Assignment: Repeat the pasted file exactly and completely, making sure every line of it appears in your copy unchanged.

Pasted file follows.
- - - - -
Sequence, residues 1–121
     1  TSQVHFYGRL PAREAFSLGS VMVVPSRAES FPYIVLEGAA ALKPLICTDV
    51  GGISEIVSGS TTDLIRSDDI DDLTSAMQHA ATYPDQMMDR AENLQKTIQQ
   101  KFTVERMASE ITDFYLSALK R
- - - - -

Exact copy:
Sequence, residues 1–121
     1  TSQVHFYGRL PAREAFSLGS VMVVPSRAES FPYIVLEGAA ALKPLICTDV
    51  GGISEIVSGS TTDLIRSDDI DDLTSAMQHA ATYPDQMMDR AENLQKTIQQ
   101  KFTVERMASE ITDFYLSALK R